Friday, September 26, 2014

Male Hubble teams getting more telescope time

Researchers at the Space Telescope Science Institute (STScI) which runs the Hubble Space Telescope program, have found that there continues to be a gap between the number of projects given the go-ahead by male principle investigators (PIs) versus those headed by females.

Principle Investigators (PIs) are typically listed as the lead on proposals and when they are male, the researchers report, the chances are greater that their project will be approved.

In their paper uploaded to the preprint server arXiv (soon to be published in Publications of the Astronomical Society of the Pacific) the researchers note that efforts have been made to get rid of gender bias, but there still appears to be room for improvement.

It's not easy getting time on Hubble, researchers must form teams and then come up with something relevant and interesting to study.

After that, they have to write a proposal and submit it to STScI, after review the proposal is accepted or rejected, only a quarter of those submitted wind up getting telescope time.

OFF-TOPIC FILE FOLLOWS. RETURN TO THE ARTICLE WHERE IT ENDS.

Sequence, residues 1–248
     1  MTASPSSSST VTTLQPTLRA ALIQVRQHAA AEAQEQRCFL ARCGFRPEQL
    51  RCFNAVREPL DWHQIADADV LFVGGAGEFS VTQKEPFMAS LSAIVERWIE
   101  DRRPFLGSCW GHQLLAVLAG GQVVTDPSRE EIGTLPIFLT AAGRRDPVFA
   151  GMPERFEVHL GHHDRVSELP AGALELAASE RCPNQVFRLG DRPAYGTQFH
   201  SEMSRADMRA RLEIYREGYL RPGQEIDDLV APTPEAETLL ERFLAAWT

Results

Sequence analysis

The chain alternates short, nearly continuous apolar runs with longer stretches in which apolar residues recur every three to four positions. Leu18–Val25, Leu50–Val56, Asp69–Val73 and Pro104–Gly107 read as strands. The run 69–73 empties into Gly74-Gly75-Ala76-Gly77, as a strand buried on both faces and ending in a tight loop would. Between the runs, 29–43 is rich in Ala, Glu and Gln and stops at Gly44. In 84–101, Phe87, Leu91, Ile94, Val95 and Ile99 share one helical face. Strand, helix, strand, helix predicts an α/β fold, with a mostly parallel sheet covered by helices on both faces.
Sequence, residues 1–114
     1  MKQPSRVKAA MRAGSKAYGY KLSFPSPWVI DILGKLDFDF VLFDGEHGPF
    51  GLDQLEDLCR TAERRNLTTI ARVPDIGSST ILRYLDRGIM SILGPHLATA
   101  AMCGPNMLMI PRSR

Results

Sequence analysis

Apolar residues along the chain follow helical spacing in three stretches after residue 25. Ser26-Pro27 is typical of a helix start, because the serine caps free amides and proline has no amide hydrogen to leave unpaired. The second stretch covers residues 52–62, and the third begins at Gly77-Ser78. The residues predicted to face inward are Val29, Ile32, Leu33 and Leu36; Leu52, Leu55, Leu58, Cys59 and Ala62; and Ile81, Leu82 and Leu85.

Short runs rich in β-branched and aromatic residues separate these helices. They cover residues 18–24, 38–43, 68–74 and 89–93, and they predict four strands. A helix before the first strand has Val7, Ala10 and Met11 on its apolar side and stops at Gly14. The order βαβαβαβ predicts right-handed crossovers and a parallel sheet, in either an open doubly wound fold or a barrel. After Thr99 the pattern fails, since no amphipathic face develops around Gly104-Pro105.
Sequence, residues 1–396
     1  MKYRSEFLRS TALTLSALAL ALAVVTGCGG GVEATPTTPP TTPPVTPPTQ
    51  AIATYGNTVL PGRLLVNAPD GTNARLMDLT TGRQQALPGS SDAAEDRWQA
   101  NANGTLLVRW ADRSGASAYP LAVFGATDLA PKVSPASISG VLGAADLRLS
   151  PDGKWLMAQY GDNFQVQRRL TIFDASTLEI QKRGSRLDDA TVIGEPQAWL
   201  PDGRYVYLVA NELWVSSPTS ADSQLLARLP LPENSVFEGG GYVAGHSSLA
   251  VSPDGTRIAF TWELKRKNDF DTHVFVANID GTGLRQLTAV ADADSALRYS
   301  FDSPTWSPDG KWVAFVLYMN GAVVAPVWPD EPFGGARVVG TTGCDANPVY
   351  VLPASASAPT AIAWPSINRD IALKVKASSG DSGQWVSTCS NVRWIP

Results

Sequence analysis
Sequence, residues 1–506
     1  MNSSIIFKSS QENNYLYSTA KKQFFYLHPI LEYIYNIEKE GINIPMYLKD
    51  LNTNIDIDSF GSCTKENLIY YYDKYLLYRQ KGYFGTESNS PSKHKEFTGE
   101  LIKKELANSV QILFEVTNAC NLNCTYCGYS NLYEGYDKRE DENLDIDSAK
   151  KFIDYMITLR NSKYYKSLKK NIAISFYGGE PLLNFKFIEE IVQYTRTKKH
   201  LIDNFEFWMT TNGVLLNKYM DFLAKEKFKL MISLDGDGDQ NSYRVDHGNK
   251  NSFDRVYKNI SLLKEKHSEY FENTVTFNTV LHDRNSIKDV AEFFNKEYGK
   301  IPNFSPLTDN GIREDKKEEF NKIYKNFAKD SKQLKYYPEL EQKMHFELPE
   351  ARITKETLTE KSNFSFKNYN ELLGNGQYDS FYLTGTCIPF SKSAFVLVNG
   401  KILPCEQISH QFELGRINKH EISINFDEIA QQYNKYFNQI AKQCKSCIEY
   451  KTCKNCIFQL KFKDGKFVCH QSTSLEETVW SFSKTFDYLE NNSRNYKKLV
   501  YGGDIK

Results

Unfortunately, it seems that the odds are diminished even further if the PI is female. Not by much, the researchers report, just by four or five projects each proposal cycle, but that's enough to cause concern, especially in light of the fact that program officials have been trying to eliminate such perceived bias.

They've tried giving talks to reviewers, to explain the problem in the hopes it will cause them to be less biased, they've tried moving team members name to the back page, and even using just an initial for the first name of the PI. None of its worked, and the researchers don't know why.

They acknowledge that it's possible that female led proposals are simply not as interesting or as well thought out or written, in some cases, but also point out that very few if any proposals are written by only female teams, they're all filled with both men and women. Gender appears to only play a role for the PI.

The researchers have been studying the problem for two years, and are still mystified by the lack of change, they note that the problem is more pronounced when the PI is more senior, the difference is smaller for recent graduates, suggesting that the problem may solve itself given time.

They also note that Hubble isn't the only program with the problem, some small studies have suggested that female led proposals meet with less success on other observatories as well.

More information: Full paper:

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